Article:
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Papua New Guinea

Yearbook 2001

Papua New Guinea is a country located in Oceania as shown on Abbreviationfinder. The weak economy drove the government to propose savings programs at the beginning of the year. meant halving the military forces. The plan triggered mutiny among soldiers, who, without using force, demanded the resignation of the government. Prime Minister Mekere Morauta then withdrew his proposal, but the demands for his departure did not remain silent. Demonstrating students and workers condemned budget cuts and planned privatizations that were expected to lead to increased unemployment. Despite the protests, Morauta was able to increase government support in Parliament. Groups from other parties and independent members were attracted to Morautas party, the People's Democratic Movement (PDM), which in May was able to present the first single-party majority in the history of the Papuan Parliament.

2001 Papua New Guinea

Out-of-parliamentary unrest flared up again in June with student protests in Port Moresby against government policy. When the riot police tried to disperse the protesters, violence erupted and at least three people were killed and about twenty injured. According to eyewitnesses, it was the police that opened fire on the crowd. The government issued a curfew in the capital, but the protests continued and were followed by new police efforts. The government then appointed a commission to investigate the shooting deaths.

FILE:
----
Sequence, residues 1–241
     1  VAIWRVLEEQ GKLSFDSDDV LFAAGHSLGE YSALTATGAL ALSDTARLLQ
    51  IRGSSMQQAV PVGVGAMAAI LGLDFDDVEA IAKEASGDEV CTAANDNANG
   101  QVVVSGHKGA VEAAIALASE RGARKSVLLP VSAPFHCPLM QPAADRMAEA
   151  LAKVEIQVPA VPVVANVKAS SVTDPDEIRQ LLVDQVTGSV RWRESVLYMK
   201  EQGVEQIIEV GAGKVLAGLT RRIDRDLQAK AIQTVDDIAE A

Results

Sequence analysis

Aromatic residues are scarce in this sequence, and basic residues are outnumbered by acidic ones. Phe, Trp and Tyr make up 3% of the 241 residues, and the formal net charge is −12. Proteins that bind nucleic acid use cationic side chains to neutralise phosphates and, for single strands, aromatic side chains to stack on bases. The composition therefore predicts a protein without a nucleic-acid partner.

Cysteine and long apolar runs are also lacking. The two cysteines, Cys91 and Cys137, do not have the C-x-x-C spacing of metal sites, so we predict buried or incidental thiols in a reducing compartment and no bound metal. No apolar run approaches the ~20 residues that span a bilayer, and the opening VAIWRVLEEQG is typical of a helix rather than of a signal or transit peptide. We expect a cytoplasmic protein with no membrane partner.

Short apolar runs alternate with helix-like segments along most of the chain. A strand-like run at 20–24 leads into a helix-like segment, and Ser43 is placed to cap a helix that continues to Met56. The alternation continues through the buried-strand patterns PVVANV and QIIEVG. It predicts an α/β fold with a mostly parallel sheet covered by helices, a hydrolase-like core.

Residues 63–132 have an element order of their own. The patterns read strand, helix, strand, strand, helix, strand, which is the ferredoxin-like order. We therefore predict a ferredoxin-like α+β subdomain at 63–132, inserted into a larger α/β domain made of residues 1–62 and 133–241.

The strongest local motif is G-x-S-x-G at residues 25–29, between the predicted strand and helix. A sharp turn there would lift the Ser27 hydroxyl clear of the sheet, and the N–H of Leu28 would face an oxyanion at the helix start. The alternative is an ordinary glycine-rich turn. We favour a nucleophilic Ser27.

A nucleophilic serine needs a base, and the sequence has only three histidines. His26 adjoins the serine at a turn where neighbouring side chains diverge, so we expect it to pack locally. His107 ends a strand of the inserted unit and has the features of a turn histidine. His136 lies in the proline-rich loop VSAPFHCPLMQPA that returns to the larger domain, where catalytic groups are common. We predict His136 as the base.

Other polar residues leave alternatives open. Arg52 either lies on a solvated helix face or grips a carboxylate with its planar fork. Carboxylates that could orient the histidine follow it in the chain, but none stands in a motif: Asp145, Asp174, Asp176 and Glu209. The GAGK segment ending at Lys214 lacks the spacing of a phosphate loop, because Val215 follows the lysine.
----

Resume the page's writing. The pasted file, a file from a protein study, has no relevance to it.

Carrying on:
In July, Parliament convened after a seven-month break. Prime Minister Morauta had, at the end of last year, left the members home to July 2001 to avoid a vote of no confidence, which must not be raised during the first 18 months of a government and not the last year before the general election. Morauta received harsh criticism for the maneuver, which however succeeded.

The peace process on the island of Bougainville was successful during the year. After several years of negotiations, the Papua New Guinea government and representatives of Bougainville in August signed a peace agreement that formally ended the civil war, which is estimated to have claimed about 20,000 lives. Papua New Guinea promised strong financial support to the war-torn island, but the country's weak economy made the promises uncertain. The peace agreement provides for Bougainville's autonomy and a future referendum on independence, which requires the Papua New Guinea government to receive support for the peace agreement in parliament in 2002.

At the end of the year fierce fighting broke out between two tribes in the southern highlands. By New Year, at least 36 people were reported to have died in the war, which was fought with modern handguns and therefore required more casualties than traditional tribal battles.

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